Alabama Gov Declares 'Narrow' State of Emergency for COVID with No Mandates or Shutdowns

Alabama Governor Kay Ivey declared a "narrowly focused" state of emergency over surging cases of COVID-19 on Friday, while failing to order any public health restrictions as the virus spreads.

Ivey, a Republican, urged Alabama residents to get vaccinated, calling the vaccine "our greatest weapon against COVID" in a statement. Her order is aimed at meeting surging demands by allowing flexibility in hospital staffing and authorizing out-of-state practitioners to operate in Alabama. It also increases hospital capacity, allows alternative standards of care to be adopted and authorizes that government meetings be held remotely.

Ivey insisted that the state of emergency proclamation was focused only on "cutting red tape" for health care workers that were "treating a new wave of patients in Alabama's hospitals." The order does not include any provisions related to masks or vaccines. The governor repeatedly stressed that there would be no new state mandates, restrictions or lockdowns.

"I want to be abundantly clear: there will be absolutely no statewide mandates, closures or the like," Ivey said in a statement. "The state of emergency is strategically targeted at removing bureaucracy and cutting red tape wherever we can to allow our doctors, nurses and hospital staff to treat patients that come through their doors."

"Let me be crystal clear: Alabama remains open for business," she continued. "Alabamians do not need government telling us what to do or how to do it. Unlike last year when we were hoping for a miracle, our greatest weapon against covid-19 today is the vaccine, so, if you can, roll up your sleeve and get the shot."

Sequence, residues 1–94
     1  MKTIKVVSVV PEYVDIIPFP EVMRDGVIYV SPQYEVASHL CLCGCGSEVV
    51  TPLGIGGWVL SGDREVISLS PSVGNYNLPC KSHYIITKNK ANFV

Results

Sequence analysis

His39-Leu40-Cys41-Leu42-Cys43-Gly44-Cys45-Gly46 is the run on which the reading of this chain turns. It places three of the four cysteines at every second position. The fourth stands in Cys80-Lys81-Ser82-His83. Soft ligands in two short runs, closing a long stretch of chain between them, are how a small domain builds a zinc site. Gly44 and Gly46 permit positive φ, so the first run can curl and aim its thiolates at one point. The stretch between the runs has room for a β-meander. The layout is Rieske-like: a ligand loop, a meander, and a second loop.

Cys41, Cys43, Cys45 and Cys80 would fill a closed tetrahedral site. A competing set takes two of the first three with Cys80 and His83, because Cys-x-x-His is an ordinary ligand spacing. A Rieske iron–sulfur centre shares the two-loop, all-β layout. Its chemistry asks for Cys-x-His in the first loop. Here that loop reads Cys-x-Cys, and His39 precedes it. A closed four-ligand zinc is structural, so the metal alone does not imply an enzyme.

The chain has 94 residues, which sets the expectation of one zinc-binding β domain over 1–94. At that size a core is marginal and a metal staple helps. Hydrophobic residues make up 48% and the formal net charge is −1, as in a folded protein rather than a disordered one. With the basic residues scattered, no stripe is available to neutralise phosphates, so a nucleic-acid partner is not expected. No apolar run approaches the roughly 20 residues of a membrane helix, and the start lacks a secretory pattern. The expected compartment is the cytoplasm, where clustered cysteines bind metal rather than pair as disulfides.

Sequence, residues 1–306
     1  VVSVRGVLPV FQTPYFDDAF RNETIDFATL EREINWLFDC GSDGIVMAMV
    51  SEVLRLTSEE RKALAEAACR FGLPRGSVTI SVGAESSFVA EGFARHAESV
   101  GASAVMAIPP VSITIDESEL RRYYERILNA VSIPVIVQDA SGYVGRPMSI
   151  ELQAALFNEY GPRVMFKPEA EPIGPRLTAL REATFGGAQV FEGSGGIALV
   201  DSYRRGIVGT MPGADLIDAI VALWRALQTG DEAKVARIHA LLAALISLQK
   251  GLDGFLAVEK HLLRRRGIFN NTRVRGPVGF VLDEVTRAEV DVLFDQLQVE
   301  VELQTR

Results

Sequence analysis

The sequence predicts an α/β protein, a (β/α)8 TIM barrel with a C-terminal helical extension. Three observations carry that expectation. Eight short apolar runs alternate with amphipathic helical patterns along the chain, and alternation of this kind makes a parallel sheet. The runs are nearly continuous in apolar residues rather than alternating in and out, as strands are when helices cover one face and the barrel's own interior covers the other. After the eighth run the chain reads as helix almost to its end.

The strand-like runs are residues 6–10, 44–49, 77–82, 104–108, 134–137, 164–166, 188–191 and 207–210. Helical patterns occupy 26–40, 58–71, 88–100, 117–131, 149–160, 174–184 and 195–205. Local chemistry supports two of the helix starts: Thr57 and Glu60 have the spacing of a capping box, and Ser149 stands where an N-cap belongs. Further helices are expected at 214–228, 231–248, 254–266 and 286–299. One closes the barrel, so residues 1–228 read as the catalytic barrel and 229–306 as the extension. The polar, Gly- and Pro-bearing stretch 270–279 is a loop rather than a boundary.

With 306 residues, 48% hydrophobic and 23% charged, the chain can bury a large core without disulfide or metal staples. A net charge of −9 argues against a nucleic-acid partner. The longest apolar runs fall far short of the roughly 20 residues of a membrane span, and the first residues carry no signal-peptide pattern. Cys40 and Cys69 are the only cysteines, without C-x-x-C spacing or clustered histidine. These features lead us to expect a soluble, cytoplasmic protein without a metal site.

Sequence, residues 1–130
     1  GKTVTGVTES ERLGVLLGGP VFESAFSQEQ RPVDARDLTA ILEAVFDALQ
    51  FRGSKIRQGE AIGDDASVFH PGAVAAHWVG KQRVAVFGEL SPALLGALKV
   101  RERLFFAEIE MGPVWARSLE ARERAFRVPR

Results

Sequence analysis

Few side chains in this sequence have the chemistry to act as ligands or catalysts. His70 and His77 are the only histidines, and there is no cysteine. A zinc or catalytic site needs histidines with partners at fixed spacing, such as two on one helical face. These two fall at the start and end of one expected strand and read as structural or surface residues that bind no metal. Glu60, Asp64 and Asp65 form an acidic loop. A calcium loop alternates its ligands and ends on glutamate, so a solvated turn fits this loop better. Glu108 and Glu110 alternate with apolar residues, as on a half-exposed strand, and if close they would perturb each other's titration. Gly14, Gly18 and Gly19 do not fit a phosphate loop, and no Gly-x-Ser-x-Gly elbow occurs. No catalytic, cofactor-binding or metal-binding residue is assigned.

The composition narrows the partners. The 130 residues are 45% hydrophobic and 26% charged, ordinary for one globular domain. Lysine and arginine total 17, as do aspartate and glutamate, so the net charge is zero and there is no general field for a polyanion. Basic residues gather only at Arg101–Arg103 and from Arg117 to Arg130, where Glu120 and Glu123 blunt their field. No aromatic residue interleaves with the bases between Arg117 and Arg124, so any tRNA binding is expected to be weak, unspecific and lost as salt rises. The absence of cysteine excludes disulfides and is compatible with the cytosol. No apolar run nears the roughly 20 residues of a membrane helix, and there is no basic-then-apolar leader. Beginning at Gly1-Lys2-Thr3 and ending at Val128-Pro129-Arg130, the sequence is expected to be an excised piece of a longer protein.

Alabama COVID-19 State of Emergency Kay Ivey
Alabama Governor Kay Ivey ordered a "narrowly-focused" state of emergency amid a surge of COVID-19 hospitalizations on Friday. This undated file photo shows a COVID-19 test sitting atop a face mask. SnowMannn/Getty

The governor said that she was "proud" of a more 100 percent increase in vaccinations over the past month, something that happened as cases of the virus dramatically surged through the state. She said that the state owes "those who have gotten the vaccine a tremendous debt of gratitude."

Increasing COVID-19 hospitalizations have been stressing Alabama's health care system recently. The state reported 2,441 hospitalizations caused by the virus on Thursday, with expectations that the number will soon eclipse 3,000. Intensive care units in multiple hospitals in the Montgomery area have reached their capacity, according to the Montgomery Advertiser.

While vaccinations have been increasing, Alabama is still the second-least vaccinated state in the nation as of Friday, according to the Centers for Disease Control and Prevention. The least-vaccinated state, by a very slim margin, is the neighboring state of Mississippi.

If vaccinations continue to increase in Alabama, it does not appear that supply shortages will be soon become an issue. There is currently a surplus of around 1.7 million vaccine doses still unused from a total of 5.3 million delivered to the state, according to the Alabama Department of Public Health.

Newsweek reached out to Ivey's office for comment.